- Make note of the password(s) you create for these individual accounts & log out, but stay on Hosted Apps.
NEXT, FORWARD & DELETE EVERYTHING
- Click the Sign In link on Google Hosted Apps. This time, enter your domain & select Email.
- Login with your first email account. Follow the instructions to get into your inbox.
- Click the gear, top right corner of the Gmail inbox. Click the Forwarding and POP/IMAP tab.
- Click Add a forwarding address button & enter your personal Gmail account.
- Follow the simple instructions to verify you own the other account.
- Now turn on forwarding & select Delete Gmail’s copy. (More storage in your free account.)
- Do this for every special email account you create. Congratulations, you’re almost done. (This will be brill. Trust me.)
FINALLY, ADD THESE ACCOUNTS TO YOUR PERSONAL ACCOUNT
- Log into your personal Gmail account. Click the little gear top right like before.
- This time, go to the Accounts and Import tab and click “Add another email address you own.”
- Enter your first special email address. (Here’s where the magic happens.) Google will send an email to that address asking to confirm you own it. What’s going to happen to that email? Bingo.
- Do this for every account you created.
- Decide which of these new accounts – if any – you want to start using all the time. Click make default on the right.
- Notice the When replying to a message section below those addresses. I recommend selecting the first option: Reply from the same address the message was sent to.
This is something I use every single day. It even ports over to Gmail on my Android when I access it via web. (I’ve come to the conclusion that all the free email apps for Android are shit, so I just use the website.) It’s particularly nice to be able to send from any number of accounts, my personal account, my GBXM account, or even a generic account like “Editor.”
BONUS: 2 SOCIAL MEDIA APPS YOU SHOULD REALLY TRY
Matt Cotton and I have begun discussing the possibility of collaborating on a series of articles about social media for gearheads. Not that it’s strictly a marketing tool, but it can really supercharge your ability to promote your website, team, event, or such. (Plus, it’s a great way to meet new gearheads all over the world, which is pretty important.) In the meantime, here’s a couple free apps I think you should look into if you’re using social media.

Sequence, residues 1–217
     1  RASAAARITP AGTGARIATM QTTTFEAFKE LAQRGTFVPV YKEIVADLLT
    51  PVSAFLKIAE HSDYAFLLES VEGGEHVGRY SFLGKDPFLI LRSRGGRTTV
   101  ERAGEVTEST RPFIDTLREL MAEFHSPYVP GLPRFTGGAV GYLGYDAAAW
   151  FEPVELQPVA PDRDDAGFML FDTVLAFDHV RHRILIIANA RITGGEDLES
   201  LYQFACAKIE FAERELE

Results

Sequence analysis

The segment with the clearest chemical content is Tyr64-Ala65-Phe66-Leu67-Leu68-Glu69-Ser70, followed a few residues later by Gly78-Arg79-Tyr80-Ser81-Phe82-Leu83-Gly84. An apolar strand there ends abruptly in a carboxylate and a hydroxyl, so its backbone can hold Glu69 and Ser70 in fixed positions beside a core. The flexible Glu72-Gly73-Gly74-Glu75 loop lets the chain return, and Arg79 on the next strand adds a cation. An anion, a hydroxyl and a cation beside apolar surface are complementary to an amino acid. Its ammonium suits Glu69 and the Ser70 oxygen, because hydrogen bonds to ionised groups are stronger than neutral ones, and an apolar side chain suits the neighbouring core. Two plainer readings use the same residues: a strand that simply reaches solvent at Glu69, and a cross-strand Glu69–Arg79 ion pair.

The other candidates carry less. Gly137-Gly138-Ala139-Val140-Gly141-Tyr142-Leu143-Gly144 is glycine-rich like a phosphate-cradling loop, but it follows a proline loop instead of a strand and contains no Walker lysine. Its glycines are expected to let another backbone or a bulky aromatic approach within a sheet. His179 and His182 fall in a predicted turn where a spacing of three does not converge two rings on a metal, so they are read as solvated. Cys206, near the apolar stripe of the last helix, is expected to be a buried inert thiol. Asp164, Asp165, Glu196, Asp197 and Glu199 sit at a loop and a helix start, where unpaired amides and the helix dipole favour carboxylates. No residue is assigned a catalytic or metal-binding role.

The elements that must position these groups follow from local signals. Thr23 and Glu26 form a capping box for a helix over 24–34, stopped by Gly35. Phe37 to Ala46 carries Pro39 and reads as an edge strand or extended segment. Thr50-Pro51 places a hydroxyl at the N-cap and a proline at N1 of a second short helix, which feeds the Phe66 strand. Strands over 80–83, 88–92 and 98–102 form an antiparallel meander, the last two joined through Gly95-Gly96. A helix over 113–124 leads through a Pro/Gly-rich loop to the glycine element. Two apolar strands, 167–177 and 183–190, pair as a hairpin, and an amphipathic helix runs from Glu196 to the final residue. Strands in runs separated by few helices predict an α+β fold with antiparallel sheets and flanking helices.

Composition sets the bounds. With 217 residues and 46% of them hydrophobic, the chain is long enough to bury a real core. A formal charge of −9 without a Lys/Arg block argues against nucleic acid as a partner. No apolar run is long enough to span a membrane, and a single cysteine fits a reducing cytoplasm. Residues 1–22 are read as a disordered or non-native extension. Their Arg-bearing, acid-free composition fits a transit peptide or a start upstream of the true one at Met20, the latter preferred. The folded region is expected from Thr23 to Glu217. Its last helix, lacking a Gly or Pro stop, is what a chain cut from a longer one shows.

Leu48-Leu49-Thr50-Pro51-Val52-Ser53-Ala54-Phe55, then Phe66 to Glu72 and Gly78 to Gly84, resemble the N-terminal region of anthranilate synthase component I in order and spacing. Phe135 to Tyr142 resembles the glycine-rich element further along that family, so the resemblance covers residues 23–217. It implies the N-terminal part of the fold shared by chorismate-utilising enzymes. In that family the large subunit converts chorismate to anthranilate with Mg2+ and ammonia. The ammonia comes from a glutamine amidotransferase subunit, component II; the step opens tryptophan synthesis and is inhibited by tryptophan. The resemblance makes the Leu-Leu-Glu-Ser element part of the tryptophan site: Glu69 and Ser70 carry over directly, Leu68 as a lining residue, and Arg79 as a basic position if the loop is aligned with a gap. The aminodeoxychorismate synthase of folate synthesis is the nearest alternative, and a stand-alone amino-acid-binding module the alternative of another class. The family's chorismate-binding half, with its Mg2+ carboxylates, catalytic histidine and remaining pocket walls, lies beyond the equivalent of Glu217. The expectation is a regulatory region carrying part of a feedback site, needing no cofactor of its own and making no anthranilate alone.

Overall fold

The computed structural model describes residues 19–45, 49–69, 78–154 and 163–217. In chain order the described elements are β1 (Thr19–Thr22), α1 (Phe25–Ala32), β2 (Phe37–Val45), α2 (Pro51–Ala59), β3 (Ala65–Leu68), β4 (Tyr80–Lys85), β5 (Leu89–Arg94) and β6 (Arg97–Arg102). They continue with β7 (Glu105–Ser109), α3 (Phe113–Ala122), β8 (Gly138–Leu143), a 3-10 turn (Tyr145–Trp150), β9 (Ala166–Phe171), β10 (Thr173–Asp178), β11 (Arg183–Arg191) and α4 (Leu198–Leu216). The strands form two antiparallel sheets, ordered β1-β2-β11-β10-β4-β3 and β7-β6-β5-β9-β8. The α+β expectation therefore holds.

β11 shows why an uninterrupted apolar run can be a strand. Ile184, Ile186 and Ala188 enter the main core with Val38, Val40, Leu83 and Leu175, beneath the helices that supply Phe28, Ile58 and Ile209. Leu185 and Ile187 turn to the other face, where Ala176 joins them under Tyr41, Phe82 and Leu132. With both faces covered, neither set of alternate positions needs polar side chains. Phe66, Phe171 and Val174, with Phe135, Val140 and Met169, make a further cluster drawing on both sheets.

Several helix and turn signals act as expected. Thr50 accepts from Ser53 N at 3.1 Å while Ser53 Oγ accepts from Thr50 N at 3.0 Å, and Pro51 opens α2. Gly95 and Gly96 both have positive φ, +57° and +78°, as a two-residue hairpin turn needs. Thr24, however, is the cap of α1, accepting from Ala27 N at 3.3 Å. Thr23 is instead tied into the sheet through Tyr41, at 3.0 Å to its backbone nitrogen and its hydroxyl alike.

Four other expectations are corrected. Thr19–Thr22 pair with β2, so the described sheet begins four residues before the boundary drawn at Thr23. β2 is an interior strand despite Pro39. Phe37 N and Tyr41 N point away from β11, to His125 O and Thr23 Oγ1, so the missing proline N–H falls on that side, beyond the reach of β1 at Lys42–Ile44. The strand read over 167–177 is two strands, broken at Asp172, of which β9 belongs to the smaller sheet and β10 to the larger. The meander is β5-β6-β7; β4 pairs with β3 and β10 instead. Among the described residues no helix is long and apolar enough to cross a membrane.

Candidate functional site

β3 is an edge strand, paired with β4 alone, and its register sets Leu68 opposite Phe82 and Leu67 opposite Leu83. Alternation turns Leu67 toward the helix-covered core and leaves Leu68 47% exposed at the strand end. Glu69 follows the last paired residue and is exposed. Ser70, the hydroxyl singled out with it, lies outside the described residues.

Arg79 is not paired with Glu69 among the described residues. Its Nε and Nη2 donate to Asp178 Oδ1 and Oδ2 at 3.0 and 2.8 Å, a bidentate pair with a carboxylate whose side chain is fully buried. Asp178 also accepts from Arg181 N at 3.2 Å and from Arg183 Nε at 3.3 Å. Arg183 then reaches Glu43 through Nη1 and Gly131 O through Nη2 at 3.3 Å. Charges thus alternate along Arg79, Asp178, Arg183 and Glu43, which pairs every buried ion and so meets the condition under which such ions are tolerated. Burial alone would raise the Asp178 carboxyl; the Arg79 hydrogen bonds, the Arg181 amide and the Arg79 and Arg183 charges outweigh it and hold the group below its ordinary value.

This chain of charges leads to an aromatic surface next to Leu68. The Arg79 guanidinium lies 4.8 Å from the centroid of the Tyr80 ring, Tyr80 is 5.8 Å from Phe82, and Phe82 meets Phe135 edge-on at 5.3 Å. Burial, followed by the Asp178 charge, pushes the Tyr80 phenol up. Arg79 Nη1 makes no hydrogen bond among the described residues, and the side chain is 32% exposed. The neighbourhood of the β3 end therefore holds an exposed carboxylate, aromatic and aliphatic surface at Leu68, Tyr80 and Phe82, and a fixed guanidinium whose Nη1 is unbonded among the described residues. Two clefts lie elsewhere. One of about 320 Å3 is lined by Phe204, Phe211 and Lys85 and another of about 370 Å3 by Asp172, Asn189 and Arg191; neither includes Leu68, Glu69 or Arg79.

- Buffer – Only have a few minutes here and there during the day to share things on Twitter? Get a Buffer account, install the browser plugin and app on your smart phone. It takes maybe 5 minutes to setup. Now, whenever you come across something interesting online, you can share it to your Twitter channel with a quick click. As you build up a – wait for it – buffer, your friends will think you’re on Twitter all the time. This can help you connect with people who aren’t active online at the same times you are.
- IFTTT – If this then that is a crazy powerful tool. Like the name implies, you create recipes for IF thing A happens, thing B happens. Why copy and paste links to your latest story in Twitter, Facebook, and Google plus (still sketchy, imo), when you can let the internet do it for you? This one does all kinds of stuff.
I wanted to wrap this series up, but there’s still LOADS to discuss. Perhaps I’ll do another installment in the future. If you have any lingering questions, please let me know. I’ll get you an answer.